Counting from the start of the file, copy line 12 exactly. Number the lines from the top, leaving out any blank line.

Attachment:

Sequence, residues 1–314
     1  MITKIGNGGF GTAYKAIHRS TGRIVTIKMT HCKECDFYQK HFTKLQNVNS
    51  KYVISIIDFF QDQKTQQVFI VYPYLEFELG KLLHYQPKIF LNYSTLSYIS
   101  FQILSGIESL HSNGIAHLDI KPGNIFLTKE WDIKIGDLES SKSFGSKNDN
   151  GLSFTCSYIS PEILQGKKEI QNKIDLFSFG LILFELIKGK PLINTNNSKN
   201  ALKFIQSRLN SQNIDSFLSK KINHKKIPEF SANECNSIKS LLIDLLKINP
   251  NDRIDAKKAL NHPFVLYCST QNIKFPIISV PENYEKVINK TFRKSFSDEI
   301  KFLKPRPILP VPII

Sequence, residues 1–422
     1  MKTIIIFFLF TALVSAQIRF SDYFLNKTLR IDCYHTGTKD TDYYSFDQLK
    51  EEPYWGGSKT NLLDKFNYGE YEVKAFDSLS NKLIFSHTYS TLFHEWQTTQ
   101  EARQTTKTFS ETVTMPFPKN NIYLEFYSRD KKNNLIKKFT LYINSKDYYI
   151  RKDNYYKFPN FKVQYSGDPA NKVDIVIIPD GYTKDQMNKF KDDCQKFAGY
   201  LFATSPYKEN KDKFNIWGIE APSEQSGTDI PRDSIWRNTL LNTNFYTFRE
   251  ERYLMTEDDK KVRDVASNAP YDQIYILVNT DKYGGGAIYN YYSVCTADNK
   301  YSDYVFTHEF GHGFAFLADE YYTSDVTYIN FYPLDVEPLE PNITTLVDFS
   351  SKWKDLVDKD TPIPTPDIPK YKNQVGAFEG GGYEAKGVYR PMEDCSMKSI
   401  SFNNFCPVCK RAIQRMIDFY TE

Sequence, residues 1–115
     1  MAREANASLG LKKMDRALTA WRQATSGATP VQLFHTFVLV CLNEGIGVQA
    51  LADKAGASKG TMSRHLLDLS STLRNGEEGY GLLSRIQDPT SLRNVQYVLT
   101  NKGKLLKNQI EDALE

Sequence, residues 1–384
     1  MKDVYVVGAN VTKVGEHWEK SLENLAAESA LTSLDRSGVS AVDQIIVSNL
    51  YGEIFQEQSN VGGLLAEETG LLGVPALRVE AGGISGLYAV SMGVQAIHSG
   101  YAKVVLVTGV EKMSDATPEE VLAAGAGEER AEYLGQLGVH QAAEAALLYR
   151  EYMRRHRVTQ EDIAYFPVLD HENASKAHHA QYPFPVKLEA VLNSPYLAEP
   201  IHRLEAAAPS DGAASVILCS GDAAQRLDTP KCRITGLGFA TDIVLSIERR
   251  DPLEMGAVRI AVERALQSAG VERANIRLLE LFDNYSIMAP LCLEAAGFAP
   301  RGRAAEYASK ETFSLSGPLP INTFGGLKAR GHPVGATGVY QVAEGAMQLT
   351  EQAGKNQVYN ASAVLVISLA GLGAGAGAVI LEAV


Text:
   101  EARQTTKTFS ETVTMPFPKN NIYLEFYSRD KKNNLIKKFT LYINSKDYYI